Cyber security: trends and implications in financial services
Cyber-attacks continue to evolve and are becoming more frequent and widespread. Attackers are improving their tactics and techniques faster than security teams can keep up and their methods grow more sophisticated each year. What are the technological trends that define the threat and risk associated with cyber security and their implications for financial services?
Financial institutions face a growing pressure threat from cyber-attacks, which can take many different forms across a wide range of channels. A typical attack will be perpetrated by a criminal in a remote and safe location who tries to get inside the systems of a bank or of its clients. Other attacks include attempts to divert payments into the accounts of criminals. Fraud is very closely linked with cyber-crime and there are synergies in how financial institutions fight cyber-crime and fraud.
To fight cyber-crime, banks must invest very heavily in systems and people. Because cyber-attacks are constantly changing, financial institutions must permanently supervise cyber-crime protection, ensuring that measures are always improved to keep up with increasingly sophisticated cyber-attacks. Improving defences requires new products, systems and people. A growing number of people at Societe Generale, for example, are devoted full-time to keeping cyber criminals outside the gates. In addition to this, focusing on fraud will also help in the fight against cyber-crime. There are synergies between how both types of activity are dealt with and the fight against fraud is complementary to the fight against cyber-crime.
Banks must take a broad view across all channels and customer behaviours to defend against cyber-attacks. Technologies including machine learning (ML), artificial intelligence (AI) and big data are increasingly deployed to improve the detection of suspicious transactions. By combining strong identification and authentication methods with AI and ML, banks can sift through large amounts of data in real time and identify suspicious transactions. These transactions might originate from phishing attacks but also can come via ‘safe’ channels that have been penetrated. Big data enables links to be established between dubious IP addresses and phishing attacks, alerting a bank to transactions from that address. By combining big data with ML, the cyber defences can ‘learn’ how to detect anomalies going forward. Alerts may also arise from transactions that are inconsistent with a client’s usual behaviour. The complex nature of cyber-attacks requires banks to track and detect transactions more proactively.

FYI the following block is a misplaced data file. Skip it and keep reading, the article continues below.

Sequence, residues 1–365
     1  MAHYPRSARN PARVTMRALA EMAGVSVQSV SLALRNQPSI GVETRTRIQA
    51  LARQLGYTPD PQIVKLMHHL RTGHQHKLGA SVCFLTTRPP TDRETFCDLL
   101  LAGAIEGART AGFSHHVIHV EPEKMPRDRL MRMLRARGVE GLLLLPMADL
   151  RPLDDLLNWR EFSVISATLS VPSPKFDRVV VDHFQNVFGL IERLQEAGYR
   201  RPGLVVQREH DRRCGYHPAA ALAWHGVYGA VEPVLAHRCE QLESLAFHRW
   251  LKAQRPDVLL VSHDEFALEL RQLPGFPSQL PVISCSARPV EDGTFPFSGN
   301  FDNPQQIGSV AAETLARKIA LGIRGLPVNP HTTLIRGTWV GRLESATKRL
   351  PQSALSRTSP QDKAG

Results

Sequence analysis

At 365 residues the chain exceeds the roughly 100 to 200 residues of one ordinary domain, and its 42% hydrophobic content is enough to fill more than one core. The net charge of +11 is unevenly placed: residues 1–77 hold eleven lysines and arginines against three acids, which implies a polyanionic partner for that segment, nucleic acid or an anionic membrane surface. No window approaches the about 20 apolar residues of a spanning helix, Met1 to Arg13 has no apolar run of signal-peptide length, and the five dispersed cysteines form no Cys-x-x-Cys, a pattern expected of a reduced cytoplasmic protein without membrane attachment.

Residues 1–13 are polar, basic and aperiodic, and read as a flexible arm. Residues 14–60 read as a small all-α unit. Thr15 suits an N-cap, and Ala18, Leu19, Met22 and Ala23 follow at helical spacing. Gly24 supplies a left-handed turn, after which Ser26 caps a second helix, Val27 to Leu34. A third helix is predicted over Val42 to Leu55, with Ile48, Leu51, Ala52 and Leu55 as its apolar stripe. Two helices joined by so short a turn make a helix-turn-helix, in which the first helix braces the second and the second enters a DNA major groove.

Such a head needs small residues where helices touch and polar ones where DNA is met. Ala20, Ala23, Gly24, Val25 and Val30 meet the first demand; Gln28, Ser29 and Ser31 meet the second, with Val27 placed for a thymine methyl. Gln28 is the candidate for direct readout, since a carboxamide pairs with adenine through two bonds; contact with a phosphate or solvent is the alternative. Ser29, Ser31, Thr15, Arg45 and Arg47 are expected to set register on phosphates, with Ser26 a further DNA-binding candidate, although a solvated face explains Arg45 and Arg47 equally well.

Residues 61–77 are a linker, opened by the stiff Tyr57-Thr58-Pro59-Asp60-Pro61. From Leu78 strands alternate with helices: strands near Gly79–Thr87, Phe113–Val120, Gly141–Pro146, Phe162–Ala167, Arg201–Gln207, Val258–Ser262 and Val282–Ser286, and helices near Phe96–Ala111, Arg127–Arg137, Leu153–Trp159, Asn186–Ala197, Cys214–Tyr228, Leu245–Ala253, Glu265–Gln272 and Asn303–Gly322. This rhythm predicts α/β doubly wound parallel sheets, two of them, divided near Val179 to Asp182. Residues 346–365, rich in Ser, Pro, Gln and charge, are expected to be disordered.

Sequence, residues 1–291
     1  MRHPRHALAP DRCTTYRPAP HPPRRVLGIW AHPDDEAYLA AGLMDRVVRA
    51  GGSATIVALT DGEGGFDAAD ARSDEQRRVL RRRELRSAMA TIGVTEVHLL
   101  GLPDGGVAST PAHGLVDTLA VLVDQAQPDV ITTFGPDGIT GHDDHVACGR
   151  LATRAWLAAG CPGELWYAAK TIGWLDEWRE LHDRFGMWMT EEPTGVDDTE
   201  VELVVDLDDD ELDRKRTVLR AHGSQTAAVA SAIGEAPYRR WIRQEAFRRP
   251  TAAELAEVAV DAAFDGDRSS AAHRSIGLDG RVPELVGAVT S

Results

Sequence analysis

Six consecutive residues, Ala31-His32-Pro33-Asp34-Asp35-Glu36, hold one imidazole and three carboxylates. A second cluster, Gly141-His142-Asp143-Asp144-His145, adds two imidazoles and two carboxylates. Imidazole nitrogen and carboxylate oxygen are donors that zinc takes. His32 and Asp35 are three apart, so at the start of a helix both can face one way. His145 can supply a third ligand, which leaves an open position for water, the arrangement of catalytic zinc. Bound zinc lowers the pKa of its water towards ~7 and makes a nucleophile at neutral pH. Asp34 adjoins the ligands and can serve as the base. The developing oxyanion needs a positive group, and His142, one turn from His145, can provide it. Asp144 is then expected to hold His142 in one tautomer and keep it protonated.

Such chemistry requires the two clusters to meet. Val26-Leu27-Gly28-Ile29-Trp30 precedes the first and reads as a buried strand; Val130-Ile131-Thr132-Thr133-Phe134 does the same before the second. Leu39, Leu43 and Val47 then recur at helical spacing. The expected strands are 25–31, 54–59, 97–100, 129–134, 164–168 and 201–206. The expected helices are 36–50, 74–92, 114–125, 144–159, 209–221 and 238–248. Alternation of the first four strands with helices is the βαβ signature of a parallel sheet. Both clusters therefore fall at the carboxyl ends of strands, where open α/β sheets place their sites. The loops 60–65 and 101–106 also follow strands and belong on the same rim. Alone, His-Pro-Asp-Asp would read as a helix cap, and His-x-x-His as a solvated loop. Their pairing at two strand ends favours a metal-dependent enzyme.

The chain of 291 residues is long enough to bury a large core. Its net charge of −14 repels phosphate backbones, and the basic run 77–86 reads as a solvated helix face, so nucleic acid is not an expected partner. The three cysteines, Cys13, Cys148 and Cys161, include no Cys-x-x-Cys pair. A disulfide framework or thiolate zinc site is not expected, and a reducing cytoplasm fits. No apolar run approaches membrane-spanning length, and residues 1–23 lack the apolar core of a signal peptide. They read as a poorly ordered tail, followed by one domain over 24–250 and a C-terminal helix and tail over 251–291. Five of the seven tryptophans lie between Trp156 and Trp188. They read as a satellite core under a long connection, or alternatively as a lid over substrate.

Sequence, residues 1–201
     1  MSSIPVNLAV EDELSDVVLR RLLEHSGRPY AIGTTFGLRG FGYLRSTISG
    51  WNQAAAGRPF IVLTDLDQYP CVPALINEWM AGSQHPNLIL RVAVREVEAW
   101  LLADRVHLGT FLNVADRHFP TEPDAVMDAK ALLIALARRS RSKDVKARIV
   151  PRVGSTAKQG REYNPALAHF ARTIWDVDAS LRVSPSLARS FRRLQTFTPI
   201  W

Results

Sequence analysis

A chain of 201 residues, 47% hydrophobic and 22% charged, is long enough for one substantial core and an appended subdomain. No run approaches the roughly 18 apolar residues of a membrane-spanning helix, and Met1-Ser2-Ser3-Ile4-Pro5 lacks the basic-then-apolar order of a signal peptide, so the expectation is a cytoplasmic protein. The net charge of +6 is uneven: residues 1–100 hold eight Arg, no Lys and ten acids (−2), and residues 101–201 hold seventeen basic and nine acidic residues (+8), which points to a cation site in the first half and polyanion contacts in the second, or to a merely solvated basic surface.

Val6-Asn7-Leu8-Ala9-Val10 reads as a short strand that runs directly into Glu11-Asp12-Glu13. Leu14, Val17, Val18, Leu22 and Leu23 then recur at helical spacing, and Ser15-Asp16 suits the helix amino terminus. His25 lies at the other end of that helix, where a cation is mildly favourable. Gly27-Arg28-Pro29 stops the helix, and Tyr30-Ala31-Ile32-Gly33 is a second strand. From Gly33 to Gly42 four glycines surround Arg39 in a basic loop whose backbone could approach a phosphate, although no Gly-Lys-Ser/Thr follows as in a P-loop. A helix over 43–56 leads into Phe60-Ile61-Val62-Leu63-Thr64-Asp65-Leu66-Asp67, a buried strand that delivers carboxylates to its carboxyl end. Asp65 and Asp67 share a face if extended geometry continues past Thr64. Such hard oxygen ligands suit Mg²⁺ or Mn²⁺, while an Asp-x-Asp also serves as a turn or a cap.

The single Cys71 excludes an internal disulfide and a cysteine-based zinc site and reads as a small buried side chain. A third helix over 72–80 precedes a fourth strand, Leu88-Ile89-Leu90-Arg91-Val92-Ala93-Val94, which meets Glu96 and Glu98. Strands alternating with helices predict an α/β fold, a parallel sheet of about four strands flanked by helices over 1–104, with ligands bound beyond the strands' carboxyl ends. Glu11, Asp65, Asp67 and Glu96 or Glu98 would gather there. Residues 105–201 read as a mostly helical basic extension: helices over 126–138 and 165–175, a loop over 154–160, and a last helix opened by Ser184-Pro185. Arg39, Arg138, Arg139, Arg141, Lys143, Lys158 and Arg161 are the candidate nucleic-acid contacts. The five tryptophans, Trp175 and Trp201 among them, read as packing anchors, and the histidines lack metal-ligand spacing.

Cyber criminals increasingly act like corporates, with new product development teams and some organisations offering their services to or integrating them with those of other criminal gangs. Cyber-crime is more lucrative than other crimes, so banks must continue to invest a lot of resources into building defences against it.
Deputy Head of Global Transaction and Payment Services
Alongside technology, banks realise that new types of staff need to be deployed to fight cyber-crime. Teams comprising data scientists, bankers, payments specialists and others are working together to develop the skills to protect a bank and its client from attack. Cyber defences must combine technology with know-how.
If corporate clients are aware that a bank is committed to preventing fraud and cyber-attack, confidence in the bank will grow and a good relationship will be established.
Head of Banking Solutions Engineering
One of the challenges in developing cyber defences is the number of ‘false positives’ that can arise. These can never be eradicated, but by constantly working on the rules we develop for detection systems, we can reduce their number. Societe Generale’s approach is to try to discover the rules that are relevant to different scenarios; we do this in live sessions. Our approach is to improve the efficiency and accuracy of the rules we are establishing, and AI and ML can bring a great deal of efficiency to this process. We process more than 15 million transactions per day1 and scan those transactions for several factors, such as a change in the behaviour of a client and suspicious IP addresses.
In fighting cyber-crime, financial institutions should make sure that their staff and clients are regularly informed about the risks, such as phishing attacks and social engineering. Clients must understand why it is so important to implement strong authentication and to have encryption to create more robust communications channels. Often stronger cyber-security systems are more complex and cumbersome to implement. There is a danger that clients may view aspects of cyber defence as an inconvenience, but with the right information, clients should accept the reality of cyber threats. There is a growing awareness among corporate clients that cyber security is a problem and to protect against it, they may have to move to stronger authentication and communication systems. Successfully detecting a fraudulent transaction or cyber-attack can strengthen a bank’s relationship with its corporate client. Increasingly, transaction banking RFPs request details about security and how the bank proposes protecting against attacks.
In the corporate payments world, new capabilities are being developed to ‘push’ information to clients prior to a transaction being initiated. By analysing payment flows, a bank can send information to a client before a remittance is signed if an anomaly is detected.
Notes: 1- July 2018, 330 million transaction in a month, basis of 22 days = 15M transaction/day